Khyber Pass

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The Khyber Pass, (Pashto: د خیبر درہ, Urdu: درۂ خیبر) (altitude: 1,070 m or 3,510 ft) is a mountain pass that links Pakistan and Afghanistan.

Throughout history it has been an important trade route between Central Asia and South Asia and a strategic military location. The summit of the Khyber Pass is 5 kilometres (3.1 mi) inside Pakistan at Landi Kotal and it cuts through the northeastern part of the Safed Koh mountains which themselves are a far southeastern extension of the Hindu Kush range.



In some versions of the Aryan migration theory, the Indo-Aryans migrated to India via the Khyber Pass.[citation needed] Recorded invasions through the Khyber begin with the conquests of Darius I and Alexander the Great and also include later Muslim invasions of South Asia, culminating with the establishment of the Mughul Empire from 1526. The British invaded Afghanistan from India and fought three Afghan Wars in 1839-42, 1878-80, and 1919. George Molesworth, a member of the British force of 1919, summarised: "Every stone in the Khyber has been soaked in blood." Rudyard Kipling called it "a sword cut through the mountains."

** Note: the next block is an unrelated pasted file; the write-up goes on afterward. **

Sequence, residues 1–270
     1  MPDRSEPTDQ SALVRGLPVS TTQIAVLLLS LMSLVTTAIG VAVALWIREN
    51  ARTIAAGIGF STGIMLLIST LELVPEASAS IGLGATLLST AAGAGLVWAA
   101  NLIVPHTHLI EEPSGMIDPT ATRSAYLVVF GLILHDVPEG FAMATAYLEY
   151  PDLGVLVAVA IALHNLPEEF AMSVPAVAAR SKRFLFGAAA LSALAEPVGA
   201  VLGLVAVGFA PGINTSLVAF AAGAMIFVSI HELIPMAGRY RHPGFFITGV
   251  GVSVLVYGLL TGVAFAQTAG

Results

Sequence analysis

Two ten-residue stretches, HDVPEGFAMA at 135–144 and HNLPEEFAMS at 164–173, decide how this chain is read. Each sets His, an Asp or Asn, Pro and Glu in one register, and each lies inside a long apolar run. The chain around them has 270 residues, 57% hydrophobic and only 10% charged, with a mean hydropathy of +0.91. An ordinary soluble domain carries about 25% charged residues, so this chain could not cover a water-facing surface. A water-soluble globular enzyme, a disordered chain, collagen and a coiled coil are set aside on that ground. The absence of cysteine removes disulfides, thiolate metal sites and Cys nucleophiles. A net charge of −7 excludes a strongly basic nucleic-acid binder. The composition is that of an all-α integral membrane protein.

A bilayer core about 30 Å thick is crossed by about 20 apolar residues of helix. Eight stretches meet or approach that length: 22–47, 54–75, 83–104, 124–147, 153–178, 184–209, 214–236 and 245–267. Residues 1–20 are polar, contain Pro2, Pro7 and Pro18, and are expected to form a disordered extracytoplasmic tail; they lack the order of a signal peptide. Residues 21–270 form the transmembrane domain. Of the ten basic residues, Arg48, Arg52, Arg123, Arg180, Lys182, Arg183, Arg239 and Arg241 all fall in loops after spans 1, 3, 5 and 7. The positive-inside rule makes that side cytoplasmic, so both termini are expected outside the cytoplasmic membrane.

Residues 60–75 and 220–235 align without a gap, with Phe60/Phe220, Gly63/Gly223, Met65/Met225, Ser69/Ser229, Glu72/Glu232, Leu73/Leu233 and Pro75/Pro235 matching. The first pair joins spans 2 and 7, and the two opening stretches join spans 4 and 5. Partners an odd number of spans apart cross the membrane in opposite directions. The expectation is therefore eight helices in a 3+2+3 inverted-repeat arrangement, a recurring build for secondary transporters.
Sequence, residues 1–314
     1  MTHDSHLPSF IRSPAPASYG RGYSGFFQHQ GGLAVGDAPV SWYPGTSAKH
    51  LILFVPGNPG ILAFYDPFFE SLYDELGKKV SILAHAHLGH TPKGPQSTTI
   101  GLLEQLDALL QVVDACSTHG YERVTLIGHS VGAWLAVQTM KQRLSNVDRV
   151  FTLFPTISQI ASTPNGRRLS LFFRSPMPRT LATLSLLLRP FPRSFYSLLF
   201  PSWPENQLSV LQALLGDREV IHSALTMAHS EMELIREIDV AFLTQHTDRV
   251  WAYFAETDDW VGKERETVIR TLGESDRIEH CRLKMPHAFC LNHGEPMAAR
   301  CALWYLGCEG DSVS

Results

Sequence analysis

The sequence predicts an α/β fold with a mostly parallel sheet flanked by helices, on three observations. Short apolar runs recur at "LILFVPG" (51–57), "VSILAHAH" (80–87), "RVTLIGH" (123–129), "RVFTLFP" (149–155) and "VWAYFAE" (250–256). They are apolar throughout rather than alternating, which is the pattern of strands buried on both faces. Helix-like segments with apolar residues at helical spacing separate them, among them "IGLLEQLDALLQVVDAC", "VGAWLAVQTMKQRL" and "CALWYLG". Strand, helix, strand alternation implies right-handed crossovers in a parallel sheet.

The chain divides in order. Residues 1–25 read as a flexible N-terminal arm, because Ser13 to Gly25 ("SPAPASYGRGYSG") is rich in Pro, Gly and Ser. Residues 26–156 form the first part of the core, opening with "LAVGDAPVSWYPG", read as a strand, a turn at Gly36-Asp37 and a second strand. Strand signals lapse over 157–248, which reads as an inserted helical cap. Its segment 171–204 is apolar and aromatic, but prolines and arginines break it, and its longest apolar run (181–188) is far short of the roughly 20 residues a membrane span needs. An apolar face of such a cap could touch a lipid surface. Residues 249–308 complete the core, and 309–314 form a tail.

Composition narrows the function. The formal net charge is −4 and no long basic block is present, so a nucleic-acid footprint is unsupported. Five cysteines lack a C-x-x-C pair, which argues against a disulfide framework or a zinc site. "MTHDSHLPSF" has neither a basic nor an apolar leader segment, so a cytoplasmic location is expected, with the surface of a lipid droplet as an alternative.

To the north of the Khyber Pass lies the country of the Mullagori tribe. To the south is Afridi Tirah, while the inhabitants of villages in the Pass itself are Afridi clansmen. Throughout the centuries the Pashtun clans, particularly the Afridis and the Afghan Shinwaris, have regarded the Pass as their own preserve and have levied a toll on travellers for safe conduct. Since this has long been their main source of income, resistance to challenges to the Shinwaris' authority has often been fierce.

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